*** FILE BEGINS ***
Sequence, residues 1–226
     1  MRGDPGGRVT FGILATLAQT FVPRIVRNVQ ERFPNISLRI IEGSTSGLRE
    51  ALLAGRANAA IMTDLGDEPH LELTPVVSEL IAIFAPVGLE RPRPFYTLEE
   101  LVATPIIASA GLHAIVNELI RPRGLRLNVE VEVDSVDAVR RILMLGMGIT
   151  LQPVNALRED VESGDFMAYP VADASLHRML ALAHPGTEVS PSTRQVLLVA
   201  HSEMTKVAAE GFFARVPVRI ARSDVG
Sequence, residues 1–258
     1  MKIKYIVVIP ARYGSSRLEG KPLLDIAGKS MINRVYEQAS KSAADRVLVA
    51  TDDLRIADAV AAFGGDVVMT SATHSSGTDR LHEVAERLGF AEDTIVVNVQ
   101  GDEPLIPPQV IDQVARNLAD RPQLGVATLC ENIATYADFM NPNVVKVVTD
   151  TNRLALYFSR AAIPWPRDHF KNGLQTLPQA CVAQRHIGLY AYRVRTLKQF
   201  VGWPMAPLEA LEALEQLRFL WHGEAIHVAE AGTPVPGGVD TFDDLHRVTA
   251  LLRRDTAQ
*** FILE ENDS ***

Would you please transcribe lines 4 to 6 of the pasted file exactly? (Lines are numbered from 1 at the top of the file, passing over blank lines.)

   101  LVATPIIASA GLHAIVNELI RPRGLRLNVE VEVDSVDAVR RILMLGMGIT
   151  LQPVNALRED VESGDFMAYP VADASLHRML ALAHPGTEVS PSTRQVLLVA
   201  HSEMTKVAAE GFFARVPVRI ARSDVG